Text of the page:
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Acquiring property for the north-east extension, 1792-94; and improvements to streets, 1797 (7)

In 1789 Soane was directed to make a valuation of the property belonging to Mr Robert Haines and others on Lothbury, Princes Street and St Bartholomew's Lane. Soane valued the Haines estate at £4,308 but the owners requested £10,000. Eventually, in February 1791, the Haines properties were offered for £7,000 and duly purchased (Acres, p. 393). In 1793 an Act of Parliament was secured for permission to purchase the remaining properties. The eventual acquisition of 17 properties (and the warren of alleys and courts in between) allowed the Bank to extend its buildings to the boundaries of its site, thereby isolating the premises and furthering its safety. With the war against revolutionary France from 1793, the anxiety of a possible invasion was compounded by the protests and riots of England's own straitened citizens. Safety, therefore, was the primary impetus for the north-east extension.

At this time Soane was appointed Attorney to the Bank and thus in charge of negotiating the purchase of these neighbouring properties. Upon acquisition, he first built an encircling screen wall mid-1797. The directors had considered building commercial space on Lothbury Street and leasing it, as with the Bank Buildings erected by Robert Taylor in 1765. By 1795, however, this idea was dropped in favour of a greater security. The drawings show Soane's preliminary designs for the north-east extension. The commercial offices were to front Lothbury Street with space behind for a Consols Transfer Offices, adjoining offices and a passage to a Bullion Court.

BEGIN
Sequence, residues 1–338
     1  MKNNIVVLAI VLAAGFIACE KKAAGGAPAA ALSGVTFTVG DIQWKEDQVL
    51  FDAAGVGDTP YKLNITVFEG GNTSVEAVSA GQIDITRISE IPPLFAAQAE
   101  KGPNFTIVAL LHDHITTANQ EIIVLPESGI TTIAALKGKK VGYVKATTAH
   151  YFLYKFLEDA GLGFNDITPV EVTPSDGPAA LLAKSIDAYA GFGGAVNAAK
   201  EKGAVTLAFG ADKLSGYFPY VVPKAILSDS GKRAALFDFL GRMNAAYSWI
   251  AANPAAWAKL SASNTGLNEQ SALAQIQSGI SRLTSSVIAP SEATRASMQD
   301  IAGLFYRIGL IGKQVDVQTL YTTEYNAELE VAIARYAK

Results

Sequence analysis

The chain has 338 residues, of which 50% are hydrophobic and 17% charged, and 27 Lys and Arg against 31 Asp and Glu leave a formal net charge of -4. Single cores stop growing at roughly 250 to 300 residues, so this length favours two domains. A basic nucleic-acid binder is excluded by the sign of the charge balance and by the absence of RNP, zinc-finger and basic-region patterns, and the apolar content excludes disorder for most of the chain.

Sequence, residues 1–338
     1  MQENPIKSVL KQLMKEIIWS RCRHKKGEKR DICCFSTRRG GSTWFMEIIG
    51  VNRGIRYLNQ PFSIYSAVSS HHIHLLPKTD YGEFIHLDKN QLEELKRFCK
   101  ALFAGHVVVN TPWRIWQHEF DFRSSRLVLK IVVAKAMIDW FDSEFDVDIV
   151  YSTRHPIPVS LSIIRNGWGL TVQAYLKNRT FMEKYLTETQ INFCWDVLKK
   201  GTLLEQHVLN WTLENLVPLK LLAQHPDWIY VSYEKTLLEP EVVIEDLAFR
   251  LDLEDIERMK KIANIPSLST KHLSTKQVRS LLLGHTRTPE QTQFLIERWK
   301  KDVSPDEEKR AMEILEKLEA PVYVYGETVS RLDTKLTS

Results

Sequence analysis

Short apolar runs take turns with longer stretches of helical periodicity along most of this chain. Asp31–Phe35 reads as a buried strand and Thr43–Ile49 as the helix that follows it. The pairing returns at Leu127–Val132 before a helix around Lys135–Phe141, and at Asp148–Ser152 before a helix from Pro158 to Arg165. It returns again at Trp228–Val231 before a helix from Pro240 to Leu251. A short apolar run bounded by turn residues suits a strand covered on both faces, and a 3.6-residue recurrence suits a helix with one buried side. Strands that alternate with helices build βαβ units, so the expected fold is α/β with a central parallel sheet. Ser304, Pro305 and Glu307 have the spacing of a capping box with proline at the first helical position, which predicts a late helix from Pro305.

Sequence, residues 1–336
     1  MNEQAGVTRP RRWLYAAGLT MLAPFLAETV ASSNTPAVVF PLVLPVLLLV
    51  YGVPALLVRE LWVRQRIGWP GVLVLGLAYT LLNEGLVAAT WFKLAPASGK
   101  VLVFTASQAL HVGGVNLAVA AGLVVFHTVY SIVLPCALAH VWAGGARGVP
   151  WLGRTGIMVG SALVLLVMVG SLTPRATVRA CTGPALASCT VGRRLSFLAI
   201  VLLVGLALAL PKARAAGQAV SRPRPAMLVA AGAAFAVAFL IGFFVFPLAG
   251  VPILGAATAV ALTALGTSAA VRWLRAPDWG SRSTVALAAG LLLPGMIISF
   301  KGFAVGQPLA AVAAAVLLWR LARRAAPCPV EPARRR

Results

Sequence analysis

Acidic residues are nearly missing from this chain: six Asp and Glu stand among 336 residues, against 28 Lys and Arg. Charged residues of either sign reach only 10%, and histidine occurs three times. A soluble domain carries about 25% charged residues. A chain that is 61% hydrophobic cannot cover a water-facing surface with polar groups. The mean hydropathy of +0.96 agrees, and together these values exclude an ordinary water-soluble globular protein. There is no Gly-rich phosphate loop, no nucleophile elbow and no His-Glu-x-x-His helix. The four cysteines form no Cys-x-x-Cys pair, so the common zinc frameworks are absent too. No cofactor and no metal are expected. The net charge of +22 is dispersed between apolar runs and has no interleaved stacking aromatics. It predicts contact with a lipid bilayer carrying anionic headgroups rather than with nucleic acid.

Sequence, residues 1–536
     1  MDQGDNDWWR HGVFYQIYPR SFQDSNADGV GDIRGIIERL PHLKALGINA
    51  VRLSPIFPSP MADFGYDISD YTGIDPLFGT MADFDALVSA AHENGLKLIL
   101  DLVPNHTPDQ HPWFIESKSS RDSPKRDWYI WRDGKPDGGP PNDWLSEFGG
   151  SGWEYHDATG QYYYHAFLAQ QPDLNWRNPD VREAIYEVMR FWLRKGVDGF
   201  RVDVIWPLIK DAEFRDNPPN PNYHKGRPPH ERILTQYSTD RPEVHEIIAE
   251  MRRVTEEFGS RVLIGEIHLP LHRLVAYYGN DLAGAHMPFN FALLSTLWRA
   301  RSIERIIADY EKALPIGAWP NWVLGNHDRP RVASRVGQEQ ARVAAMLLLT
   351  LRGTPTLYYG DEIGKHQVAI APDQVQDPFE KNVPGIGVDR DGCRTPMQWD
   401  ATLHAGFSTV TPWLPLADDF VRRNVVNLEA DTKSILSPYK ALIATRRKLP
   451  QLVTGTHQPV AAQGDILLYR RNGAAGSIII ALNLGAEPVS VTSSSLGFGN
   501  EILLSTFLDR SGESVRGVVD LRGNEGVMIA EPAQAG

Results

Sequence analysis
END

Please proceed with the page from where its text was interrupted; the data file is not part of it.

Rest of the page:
Most of the houses to the north-east belonged to the Haines estate, which the Bank purchased in 1792. Another cluster of houses on the north-west corner of Bartholomew Lane had been left by Mary Gransdon in 1719 to the Vicar of Deptford for poor boys and girls in two schools. The Bank purchased the houses from the trustees in July 1796. Later, in the summer of 1797, the Building Committee requested that Soane apply to the Committee of City Lands for improving the streets around the Bank.

Literature: H. Rooksby Steele and F.R. Yerbury, The Old Bank of England, London, 1930, p. 13; W. Marston Acres, The Bank of England from Within, Oxford, 1931, p. 393-395; D. Abramson, Money's architecture: the building of the Bank of England, 1731-1833, Doctoral thesis for the Department of Fine Arts, Harvard University, 1993.

Madeleine Helmer, 2010